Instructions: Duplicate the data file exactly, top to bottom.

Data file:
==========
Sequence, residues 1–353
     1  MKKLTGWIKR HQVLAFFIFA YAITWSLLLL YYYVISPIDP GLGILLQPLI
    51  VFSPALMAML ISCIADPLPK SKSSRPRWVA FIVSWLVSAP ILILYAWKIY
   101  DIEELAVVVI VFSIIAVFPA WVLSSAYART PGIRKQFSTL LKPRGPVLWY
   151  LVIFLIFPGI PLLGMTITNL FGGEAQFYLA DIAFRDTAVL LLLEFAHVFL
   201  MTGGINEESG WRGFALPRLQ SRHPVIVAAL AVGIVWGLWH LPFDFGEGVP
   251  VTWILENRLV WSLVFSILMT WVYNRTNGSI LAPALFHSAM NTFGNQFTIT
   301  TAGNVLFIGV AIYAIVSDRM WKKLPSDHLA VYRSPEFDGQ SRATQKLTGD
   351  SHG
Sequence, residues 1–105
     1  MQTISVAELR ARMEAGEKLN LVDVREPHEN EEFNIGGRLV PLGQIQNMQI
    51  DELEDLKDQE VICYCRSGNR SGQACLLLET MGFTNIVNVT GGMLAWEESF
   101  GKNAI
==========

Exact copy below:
Sequence, residues 1–353
     1  MKKLTGWIKR HQVLAFFIFA YAITWSLLLL YYYVISPIDP GLGILLQPLI
    51  VFSPALMAML ISCIADPLPK SKSSRPRWVA FIVSWLVSAP ILILYAWKIY
   101  DIEELAVVVI VFSIIAVFPA WVLSSAYART PGIRKQFSTL LKPRGPVLWY
   151  LVIFLIFPGI PLLGMTITNL FGGEAQFYLA DIAFRDTAVL LLLEFAHVFL
   201  MTGGINEESG WRGFALPRLQ SRHPVIVAAL AVGIVWGLWH LPFDFGEGVP
   251  VTWILENRLV WSLVFSILMT WVYNRTNGSI LAPALFHSAM NTFGNQFTIT
   301  TAGNVLFIGV AIYAIVSDRM WKKLPSDHLA VYRSPEFDGQ SRATQKLTGD
   351  SHG
Sequence, residues 1–105
     1  MQTISVAELR ARMEAGEKLN LVDVREPHEN EEFNIGGRLV PLGQIQNMQI
    51  DELEDLKDQE VICYCRSGNR SGQACLLLET MGFTNIVNVT GGMLAWEESF
   101  GKNAI